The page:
The 1744 edition of The Works of Sallust


Ancient Roman historian who was the greatest single influence on Tacitus .


Thomas Gordon, translator, The Works of Sallust, Translated into English. With Political Discourses upon that Author. To which is added, a Translation of Cicero’s Four Orations against Catiline. London: Printed for T. Woodward, and J. Peele, and sold by J. Osborn, at the Golden Ball in Pater-noster Row. MDCCXLIV [1744]. First Edition, quarto, large paper edition, xvi+xxviii+xiv+548 pages, complete with all parts present, early ink inscriptions on front pastedown and English bookseller’s sticker at bottom, bookplate of Charles [Third] Earl of Ailesbury [Lord Bruce], bound in quarter brown calf and calf corners with blind decoration, marbled paper on front and back boards, spine gilt ruled with five raised bands, title in gilt and date (1744) in gilt at bottom of spine.

Contents: Dedication to the Duke of Cumberland; Introduction (i-xxii, by Thomas Gordon); Political Discourses upon Sallust 1-IX; Dedication to His Grace Evelyn, Duke of Kingston prefacing Catiline’s Conspiracy; The Orations of Cicero Against Catiline with Dedication to Mr Doddington [the first Oration in the Senate, the second and third Orations addressed to the People, the fourth Oration spoken in the Senate]; The War Against Jugurtha with a Dedication to the Earl of Cholmondeley; The Speech of M. Aemilius Lepidus, the Consul, Against Sylla; The Speech of L. Philippus Against Lepidus; Pompey’s Letter to the Senate; The Oration of Licinius, the Tribune: Addressed to the People; The Letter which Mithridates, King of Pontus, sent to Arsaces, King of Parthia; The Speech of Marcus Cotta, the Consul, to the People; The First Epistle of Sallust to Caius Julius Caesar: Concerning the Regulation of the Commonwealth; The Second Epistle of Sallust to Caius Julius Caesar: Concerning the Regulation of the Commonwealth; Index.

Condition: Binding tight, possibly rebound early 19th century, shelf wear to marbled cover boards, corners bumped, internally generally clean and bright and very good for its age, only edges of pages browned, some pages of slightly smaller height as originally printed, a few pages slightly cropped or showing minor loss without affecting text, very faint offsetting on Introduction xvii where another sheet not fully dry was placed on top during the original 1744 printing, a little random staining on a few pages, one torn page without loss of text in First Oration of Cicero, tiny holes (p. 189 of The War Against Jugurtha and p. 305 of The Speech of Marcus Cotta), faint water stains at top centre of pages in Discourses V-IX and from p. 289 not affecting text.

Gaius Sallustius Crispus (probably 86-35 BC) was born a Sabine in the Abruzzo region of central Italy. Sallust, as he is better known today, is the earliest known Roman historian with surviving works. He wrote particularly about politics, rivalries among powerful individuals, war, political corruption and Rome’s decline, which he found deeply troubling. Sallust was a novus homo—the first in his family to become a Roman Senator. He inveterately opposed the old Roman aristocracy and his later political career enjoyed Julius Caesar’s patronage. Influenced by the Greek historian Thucydides, Sallust became a noted Roman historian and literary stylist. Lucan (AD 39-65), an outstanding poet of Imperial Rome, and the historian and biographer Plutarch (before AD 50-after AD 120) both used Sallust as a source, and Martial (between AD 38/41-between AD 101/104) regarded Sallust as “the prince of Roman historiographers”. Sallust’s language and method greatly influenced Tacitus (c. AD 56-after AD 118), Senator and author of the Annals and Histories, who spoke highly of him. Experience of electoral disorder in 53 partly shaped some major themes in Sallust’s writings. Sallust first entered public office in 52 as a Tribune of the Plebs. He was expelled from the Senate in 50, ostensibly on a charge of immorality but probably because of his Tribunal actions in 52. He commanded one of Caesar’s legions in 49 and as Praetor in 46 took part in the African campaign and was appointed first Governor of Africa Nova but on returning to Rome was charged with malpractice, avoiding disgrace only on Caesar’s intervention. Sallust then quit public life to pursue historiography. The Catiline Conspiracy, his first published work, is written in monograph form as is The War Against Jugurtha. Among the many poets, teachers, politicians, theologians and other authors who have appreciated or valued aspects of Sallust’s writings since antiquity are Augustine of Hippo, Thomas Aquinas, Machiavelli, Petrarch, Thomas More, Nietzsche and Henrik Ibsen.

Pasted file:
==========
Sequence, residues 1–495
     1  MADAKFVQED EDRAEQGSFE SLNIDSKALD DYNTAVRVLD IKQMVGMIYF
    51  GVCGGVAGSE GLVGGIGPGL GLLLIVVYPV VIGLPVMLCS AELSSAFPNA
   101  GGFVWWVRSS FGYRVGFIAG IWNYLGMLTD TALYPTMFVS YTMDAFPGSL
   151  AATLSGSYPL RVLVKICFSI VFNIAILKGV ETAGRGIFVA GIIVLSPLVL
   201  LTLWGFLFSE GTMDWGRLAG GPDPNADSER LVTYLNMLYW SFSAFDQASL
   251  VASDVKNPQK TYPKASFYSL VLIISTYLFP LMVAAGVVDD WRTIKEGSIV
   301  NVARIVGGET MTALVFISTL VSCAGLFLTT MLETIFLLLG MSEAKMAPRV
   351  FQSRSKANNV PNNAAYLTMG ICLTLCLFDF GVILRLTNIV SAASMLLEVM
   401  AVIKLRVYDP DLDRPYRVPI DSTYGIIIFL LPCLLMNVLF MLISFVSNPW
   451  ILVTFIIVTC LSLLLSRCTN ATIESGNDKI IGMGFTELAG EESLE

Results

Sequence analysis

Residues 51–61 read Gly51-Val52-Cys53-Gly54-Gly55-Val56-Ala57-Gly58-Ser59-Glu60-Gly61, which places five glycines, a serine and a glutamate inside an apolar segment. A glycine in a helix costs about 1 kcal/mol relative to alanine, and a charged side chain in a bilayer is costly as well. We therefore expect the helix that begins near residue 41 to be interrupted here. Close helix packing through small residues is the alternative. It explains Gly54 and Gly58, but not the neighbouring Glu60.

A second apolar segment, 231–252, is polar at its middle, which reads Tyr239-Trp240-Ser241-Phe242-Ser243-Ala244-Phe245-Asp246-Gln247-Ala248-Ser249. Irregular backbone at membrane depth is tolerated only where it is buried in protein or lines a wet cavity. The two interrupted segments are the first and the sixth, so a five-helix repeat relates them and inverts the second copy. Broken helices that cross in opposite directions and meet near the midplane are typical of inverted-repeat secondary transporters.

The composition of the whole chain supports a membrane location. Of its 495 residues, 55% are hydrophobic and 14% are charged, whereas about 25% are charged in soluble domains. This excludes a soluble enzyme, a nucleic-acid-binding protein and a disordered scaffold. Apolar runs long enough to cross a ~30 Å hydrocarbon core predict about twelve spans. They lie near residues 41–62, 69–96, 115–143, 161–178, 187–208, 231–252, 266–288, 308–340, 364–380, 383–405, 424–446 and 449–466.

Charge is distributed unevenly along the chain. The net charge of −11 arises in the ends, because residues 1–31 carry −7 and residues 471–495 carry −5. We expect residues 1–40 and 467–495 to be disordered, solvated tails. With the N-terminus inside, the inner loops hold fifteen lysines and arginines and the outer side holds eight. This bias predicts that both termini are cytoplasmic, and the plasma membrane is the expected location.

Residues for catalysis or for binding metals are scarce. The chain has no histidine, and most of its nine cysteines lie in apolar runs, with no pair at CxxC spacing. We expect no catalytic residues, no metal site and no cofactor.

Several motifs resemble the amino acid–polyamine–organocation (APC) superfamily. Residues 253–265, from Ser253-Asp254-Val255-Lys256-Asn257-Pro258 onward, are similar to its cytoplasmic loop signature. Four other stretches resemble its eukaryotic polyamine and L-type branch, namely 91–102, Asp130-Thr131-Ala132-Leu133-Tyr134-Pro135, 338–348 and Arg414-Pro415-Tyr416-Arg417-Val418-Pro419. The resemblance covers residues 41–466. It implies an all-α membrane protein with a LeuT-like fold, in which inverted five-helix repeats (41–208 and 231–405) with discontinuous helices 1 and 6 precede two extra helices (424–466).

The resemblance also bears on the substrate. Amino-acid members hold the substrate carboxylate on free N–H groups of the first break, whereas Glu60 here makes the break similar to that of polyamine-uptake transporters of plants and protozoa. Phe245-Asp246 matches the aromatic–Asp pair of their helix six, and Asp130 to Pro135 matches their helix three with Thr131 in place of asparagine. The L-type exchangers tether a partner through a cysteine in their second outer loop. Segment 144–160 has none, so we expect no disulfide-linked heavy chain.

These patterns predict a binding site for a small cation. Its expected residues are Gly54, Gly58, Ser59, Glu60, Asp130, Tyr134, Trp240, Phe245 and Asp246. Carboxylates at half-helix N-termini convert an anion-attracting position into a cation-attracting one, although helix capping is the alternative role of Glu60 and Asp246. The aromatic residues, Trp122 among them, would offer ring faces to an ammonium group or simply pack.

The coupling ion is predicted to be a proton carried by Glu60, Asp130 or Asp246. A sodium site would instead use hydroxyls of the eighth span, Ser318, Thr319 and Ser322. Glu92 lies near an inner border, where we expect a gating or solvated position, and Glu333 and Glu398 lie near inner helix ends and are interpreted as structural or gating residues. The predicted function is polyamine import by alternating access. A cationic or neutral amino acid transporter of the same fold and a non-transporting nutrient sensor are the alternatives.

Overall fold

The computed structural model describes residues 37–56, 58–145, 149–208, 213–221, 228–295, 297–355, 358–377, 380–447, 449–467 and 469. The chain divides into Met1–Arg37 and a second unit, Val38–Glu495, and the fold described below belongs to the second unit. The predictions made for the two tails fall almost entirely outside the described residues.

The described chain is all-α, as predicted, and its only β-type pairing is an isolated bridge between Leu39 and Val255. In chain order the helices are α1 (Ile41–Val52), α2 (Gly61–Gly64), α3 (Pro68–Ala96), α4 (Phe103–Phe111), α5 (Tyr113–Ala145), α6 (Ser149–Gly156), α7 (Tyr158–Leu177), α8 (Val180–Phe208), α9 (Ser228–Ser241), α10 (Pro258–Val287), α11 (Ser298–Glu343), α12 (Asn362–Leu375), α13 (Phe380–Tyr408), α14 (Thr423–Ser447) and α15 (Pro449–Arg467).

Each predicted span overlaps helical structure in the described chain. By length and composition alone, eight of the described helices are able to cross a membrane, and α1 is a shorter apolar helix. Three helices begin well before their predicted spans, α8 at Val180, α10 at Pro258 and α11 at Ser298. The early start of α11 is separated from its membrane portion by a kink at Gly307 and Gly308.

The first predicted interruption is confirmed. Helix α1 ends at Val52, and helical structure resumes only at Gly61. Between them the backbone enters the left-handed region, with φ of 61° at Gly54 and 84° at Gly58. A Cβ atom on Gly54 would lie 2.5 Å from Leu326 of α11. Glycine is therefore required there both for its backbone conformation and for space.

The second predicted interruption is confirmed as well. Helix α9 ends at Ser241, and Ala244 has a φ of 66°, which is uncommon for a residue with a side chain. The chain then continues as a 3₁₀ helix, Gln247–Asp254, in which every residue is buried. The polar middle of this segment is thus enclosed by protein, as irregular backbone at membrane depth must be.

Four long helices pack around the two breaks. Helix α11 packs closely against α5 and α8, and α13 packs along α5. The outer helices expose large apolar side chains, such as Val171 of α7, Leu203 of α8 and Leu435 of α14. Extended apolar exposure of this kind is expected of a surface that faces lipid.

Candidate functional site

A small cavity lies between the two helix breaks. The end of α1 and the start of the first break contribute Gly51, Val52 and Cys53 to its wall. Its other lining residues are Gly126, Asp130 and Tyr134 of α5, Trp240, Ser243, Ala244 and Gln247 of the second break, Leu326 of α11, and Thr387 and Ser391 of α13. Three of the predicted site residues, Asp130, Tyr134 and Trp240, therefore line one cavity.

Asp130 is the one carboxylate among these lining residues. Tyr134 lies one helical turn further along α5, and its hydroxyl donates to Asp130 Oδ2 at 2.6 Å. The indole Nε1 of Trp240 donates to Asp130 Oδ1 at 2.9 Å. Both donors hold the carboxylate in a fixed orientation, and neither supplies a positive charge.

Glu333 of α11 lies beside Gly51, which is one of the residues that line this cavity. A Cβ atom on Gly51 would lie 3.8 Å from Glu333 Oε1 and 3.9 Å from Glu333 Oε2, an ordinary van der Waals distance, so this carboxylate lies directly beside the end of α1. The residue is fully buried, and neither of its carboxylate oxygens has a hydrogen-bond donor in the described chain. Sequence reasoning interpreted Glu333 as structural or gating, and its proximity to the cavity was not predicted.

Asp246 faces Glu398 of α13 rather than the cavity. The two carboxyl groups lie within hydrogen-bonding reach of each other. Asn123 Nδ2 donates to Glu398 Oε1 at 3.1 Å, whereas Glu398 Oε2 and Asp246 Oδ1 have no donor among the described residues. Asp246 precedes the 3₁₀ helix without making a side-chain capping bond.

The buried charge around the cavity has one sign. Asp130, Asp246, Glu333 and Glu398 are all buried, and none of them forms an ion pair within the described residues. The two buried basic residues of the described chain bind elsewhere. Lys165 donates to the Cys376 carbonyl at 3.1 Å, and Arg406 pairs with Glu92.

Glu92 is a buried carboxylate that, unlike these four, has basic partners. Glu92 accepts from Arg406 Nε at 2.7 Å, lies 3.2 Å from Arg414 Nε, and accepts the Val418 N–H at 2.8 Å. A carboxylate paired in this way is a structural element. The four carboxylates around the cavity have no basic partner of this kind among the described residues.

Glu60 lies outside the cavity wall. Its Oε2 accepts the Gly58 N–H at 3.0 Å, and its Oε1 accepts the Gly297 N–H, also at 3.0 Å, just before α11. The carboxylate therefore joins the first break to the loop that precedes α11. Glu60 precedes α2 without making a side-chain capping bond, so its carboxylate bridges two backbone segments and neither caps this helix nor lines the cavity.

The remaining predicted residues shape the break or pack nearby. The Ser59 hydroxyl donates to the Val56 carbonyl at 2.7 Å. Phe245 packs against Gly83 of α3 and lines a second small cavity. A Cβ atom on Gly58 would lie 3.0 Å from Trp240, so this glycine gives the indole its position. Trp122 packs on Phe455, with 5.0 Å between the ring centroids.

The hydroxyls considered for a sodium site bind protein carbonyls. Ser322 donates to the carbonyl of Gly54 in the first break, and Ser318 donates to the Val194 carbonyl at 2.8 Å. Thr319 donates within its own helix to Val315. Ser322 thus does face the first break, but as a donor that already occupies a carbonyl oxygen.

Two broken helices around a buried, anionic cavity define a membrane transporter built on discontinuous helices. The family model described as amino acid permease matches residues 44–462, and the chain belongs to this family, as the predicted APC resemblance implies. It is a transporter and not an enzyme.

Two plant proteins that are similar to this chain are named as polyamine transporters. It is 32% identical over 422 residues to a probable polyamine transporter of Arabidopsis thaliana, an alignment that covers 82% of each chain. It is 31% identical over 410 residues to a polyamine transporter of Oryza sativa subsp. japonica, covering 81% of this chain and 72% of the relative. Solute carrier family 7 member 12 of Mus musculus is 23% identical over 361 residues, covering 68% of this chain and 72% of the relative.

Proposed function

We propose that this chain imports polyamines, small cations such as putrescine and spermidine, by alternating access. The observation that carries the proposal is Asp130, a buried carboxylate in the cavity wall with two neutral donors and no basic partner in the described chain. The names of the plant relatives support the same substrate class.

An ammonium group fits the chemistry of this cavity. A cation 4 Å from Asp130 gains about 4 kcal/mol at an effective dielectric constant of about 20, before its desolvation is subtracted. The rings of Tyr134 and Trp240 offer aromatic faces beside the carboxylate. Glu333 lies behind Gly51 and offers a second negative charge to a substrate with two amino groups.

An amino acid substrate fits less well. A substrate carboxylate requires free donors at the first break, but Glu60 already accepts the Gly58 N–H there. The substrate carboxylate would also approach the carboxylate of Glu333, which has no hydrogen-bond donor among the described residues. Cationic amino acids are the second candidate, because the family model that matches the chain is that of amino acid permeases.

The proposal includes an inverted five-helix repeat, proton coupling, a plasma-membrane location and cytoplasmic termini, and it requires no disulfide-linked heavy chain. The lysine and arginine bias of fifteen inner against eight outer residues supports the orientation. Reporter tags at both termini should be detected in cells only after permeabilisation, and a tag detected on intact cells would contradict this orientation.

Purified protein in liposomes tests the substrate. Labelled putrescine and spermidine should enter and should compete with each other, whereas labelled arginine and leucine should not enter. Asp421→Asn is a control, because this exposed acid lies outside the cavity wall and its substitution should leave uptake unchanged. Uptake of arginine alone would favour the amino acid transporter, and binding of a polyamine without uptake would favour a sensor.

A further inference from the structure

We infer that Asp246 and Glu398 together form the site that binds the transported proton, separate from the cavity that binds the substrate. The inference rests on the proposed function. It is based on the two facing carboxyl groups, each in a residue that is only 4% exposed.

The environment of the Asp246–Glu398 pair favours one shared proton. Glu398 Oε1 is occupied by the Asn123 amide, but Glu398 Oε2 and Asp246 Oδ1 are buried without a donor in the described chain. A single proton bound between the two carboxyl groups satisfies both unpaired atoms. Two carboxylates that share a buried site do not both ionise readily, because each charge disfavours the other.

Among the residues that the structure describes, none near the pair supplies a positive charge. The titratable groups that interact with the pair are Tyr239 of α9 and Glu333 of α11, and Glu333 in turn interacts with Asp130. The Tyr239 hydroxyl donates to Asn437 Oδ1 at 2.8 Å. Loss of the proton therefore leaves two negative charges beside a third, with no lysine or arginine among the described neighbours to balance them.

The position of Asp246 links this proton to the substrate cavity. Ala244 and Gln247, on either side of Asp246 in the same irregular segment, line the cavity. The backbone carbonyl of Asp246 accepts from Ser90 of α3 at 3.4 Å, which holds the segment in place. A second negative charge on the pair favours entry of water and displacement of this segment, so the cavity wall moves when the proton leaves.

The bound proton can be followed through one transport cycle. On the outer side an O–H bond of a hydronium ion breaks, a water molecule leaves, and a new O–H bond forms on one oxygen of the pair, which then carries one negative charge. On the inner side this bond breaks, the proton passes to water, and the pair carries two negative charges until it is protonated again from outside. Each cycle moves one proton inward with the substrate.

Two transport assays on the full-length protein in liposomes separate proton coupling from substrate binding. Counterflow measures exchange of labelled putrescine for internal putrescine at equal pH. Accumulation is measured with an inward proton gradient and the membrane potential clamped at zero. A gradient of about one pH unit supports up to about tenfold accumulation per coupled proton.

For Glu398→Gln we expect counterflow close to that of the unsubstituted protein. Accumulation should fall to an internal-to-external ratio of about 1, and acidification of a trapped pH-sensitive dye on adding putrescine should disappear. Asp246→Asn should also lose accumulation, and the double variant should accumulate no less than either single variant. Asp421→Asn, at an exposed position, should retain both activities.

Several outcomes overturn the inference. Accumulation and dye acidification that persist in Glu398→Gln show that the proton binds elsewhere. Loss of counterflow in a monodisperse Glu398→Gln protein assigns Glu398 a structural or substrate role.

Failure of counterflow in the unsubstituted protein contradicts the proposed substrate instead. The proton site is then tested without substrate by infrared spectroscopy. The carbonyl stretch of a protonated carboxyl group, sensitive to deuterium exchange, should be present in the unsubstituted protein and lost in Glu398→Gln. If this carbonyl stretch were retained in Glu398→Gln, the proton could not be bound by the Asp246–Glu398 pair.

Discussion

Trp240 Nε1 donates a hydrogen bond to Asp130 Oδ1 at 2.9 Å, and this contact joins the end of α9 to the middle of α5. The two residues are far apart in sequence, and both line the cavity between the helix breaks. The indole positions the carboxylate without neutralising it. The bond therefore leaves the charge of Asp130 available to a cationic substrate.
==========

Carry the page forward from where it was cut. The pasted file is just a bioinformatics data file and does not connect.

The translator of The Works of Sallust, Thomas Gordon (c.1691-1750), was a Scottish writer who in the 1720s, with John Trenchard, wrote many essays titled “Cato’s Letters” condemning corruption in Britain’s political system. Gordon’s ideas importantly shaped republicanism in Britain and especially in the American colonies. In 1728 Gordon published a two-volume translation of Tacitus which became a standard work.

The bookplate of Charles Bruce, 3rd Earl of Ailesbury (1682-1747), is affixed to the verso of the title page of The Works of Sallust. Bruce, like his father and grandfather before him, was a politician; he was the Member for Great Bedwyn (1705-1710) and chose to sit for Marlborough until 1711 when he was called to the House of Lords. Bruce succeeded his father in the Earldoms of Elgin and Ailesbury in 1741. As neither of Charles’s sons survived him or left issue, the Earldom of Elgin and subsidiary Scottish peerages were inherited by his cousin the Earl of Kincardine, while the Earldom of Ailesbury and subsidiary English peerages became extinct.